Courts in Ireland (Mulvaney v Betfair), the UK (Kaschke v Gray, England and Wales Cricket Board v Tixdaq) and France (TF1 v Dailymotion) have reached similar conclusions (albeit in Tixdaqonly a provisional conclusion).  Most authoritatively, the CJEU in L'Oreal v eBay states that a host that has acted non-neutrally in relation to certain data cannot rely on the hosting protection in the case of those data (judgment, para [116]).

The report of the Committee on Standards in Public Life on "Intimidation in Public Life" also discussed hosting liability.  It said:
“Parliament should reconsider the balance of liability for social media content. This does not mean that the social media companies should be considered fully to be the publishers of the content on their sites. Nor should they be merely platforms, as social media companies use algorithms that analyse and select content on a number of unknown and commercially confidential factors.”
Analysing and selecting user content so as to give the operator control over the selected content would exclude that content from hosting protection under the ECommerce Directive. The Committee's suggestion that such activities should have a degree of protection short of full primary publisher liability would seem to involve increasing, not decreasing, existing liability protection. That is the opposite of what, earlier in the Report, the Committee seemed to envisage would be required: “The government should seek to legislate to shift the balance of liability for illegal content to the social media companies away from them being passive ‘platforms’ for illegal content.”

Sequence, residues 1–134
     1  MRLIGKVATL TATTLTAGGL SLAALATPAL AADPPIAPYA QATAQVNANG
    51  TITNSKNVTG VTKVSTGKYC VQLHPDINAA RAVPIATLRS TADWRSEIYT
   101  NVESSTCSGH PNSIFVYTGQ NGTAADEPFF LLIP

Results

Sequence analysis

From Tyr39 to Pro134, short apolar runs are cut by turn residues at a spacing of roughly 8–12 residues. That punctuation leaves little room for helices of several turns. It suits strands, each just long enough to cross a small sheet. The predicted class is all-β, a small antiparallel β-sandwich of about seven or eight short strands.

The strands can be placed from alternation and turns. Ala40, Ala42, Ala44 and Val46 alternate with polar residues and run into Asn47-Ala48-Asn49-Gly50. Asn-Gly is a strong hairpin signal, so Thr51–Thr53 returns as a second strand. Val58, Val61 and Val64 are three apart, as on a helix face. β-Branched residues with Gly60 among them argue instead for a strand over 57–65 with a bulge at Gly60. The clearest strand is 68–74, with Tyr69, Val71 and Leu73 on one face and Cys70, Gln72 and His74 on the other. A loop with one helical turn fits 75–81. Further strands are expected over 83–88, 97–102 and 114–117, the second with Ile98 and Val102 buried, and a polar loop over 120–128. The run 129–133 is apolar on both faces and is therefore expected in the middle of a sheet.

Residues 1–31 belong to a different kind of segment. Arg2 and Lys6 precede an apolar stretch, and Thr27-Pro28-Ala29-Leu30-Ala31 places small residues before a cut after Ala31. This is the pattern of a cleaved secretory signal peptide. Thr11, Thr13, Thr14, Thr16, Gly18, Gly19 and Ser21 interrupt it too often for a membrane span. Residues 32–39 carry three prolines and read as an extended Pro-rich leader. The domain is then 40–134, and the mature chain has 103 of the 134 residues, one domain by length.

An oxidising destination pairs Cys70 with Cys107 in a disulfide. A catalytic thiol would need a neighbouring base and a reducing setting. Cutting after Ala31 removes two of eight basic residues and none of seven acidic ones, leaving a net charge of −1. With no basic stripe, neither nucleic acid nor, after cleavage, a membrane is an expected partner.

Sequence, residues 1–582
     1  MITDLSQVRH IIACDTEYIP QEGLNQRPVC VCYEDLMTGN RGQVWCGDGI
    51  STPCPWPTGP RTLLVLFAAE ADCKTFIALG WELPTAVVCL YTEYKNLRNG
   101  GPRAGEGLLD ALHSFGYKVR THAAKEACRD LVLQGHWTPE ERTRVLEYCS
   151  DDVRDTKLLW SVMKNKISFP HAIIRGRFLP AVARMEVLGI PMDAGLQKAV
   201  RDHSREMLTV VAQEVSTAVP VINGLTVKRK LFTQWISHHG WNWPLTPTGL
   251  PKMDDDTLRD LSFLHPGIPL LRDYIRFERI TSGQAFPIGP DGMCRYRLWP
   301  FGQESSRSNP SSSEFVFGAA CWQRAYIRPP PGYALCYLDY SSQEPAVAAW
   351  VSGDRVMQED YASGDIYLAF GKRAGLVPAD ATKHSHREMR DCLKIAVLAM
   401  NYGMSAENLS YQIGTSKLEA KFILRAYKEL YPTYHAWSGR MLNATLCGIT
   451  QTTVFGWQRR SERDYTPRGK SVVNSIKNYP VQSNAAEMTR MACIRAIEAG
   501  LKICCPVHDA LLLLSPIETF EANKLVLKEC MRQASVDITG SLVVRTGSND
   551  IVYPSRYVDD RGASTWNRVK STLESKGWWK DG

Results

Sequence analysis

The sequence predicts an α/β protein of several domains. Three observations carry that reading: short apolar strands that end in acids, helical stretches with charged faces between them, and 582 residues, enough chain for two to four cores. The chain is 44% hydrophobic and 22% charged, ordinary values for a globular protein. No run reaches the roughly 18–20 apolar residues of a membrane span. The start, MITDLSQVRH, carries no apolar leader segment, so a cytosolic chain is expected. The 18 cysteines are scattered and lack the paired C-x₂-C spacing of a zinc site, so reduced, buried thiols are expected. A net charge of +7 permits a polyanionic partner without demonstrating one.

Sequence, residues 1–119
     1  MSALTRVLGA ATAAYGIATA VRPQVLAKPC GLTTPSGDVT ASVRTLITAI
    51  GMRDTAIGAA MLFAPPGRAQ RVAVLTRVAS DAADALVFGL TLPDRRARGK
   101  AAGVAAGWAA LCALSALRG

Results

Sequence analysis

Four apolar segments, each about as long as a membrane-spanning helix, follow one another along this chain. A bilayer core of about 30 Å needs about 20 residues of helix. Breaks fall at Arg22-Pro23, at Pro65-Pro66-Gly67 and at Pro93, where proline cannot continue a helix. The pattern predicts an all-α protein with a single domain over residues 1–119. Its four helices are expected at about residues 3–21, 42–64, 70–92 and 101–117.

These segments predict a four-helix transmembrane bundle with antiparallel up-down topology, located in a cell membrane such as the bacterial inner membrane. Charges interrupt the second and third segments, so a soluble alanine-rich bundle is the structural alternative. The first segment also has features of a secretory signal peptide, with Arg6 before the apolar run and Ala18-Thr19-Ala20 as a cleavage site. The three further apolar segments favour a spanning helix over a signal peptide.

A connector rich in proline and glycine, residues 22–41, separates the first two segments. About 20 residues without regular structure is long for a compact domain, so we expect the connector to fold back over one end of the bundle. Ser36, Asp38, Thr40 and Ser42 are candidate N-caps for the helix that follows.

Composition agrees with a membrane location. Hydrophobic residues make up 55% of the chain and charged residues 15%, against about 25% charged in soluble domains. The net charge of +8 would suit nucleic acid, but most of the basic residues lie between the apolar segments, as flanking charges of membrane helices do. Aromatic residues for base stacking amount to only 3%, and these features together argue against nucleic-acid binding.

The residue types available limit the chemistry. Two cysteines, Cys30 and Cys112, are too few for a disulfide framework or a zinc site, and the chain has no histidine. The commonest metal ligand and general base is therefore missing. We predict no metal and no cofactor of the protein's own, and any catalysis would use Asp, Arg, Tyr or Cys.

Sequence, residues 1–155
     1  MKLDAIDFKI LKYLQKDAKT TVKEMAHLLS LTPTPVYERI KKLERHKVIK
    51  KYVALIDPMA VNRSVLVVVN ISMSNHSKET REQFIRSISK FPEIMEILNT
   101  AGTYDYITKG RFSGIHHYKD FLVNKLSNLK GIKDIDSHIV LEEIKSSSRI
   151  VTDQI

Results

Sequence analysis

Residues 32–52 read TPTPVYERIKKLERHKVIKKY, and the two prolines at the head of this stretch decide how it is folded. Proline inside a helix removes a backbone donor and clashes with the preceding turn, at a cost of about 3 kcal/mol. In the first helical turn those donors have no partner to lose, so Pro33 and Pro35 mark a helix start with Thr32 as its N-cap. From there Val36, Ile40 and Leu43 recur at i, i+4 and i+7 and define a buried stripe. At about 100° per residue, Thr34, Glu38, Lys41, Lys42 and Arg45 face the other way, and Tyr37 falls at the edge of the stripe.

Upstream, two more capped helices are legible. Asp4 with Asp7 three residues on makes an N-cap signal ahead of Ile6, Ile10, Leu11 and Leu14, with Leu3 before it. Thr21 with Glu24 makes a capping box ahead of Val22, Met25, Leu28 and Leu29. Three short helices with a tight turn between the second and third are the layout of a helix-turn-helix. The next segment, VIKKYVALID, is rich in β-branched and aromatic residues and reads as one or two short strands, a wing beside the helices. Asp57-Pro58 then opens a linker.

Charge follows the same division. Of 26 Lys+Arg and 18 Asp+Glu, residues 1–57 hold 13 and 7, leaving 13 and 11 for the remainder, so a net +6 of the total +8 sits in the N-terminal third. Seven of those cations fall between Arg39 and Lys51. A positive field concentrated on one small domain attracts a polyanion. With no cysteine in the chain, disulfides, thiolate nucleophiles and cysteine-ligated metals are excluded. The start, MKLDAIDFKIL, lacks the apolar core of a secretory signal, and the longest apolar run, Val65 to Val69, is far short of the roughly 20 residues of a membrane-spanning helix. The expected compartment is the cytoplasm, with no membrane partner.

Simple and complex platforms
The question of whether a hosting platform has behaved non-neutrally in relation to any particular content is also unrelated to the simplicity or complexity of the platform. The Directive has been applied to vanilla web hosting and structured, indexed platforms alike.  That is consistent with the contextual background to the Directive, which included court decisions on bulletin boards (in some ways the forerunners of today’s social media sites) and the Swedish Bulletin Boards Act 1998.

The fact that the ECD encompasses simple and complex platforms alike leads to a final point: the perhaps underappreciated variety of activities that benefit from hosting protection.  They include, as we have seen, online games and virtual worlds. They would include collaborative software development environments such as GitHub. Cloud-based word processor applications, any kind of app with a user-generated content element, website discussion forums, would all be within scope. By focusing on activities defined in a technology-neutral way the Directive has transcended and adapted to many different evolving industries and kinds of business.
The voluntary sector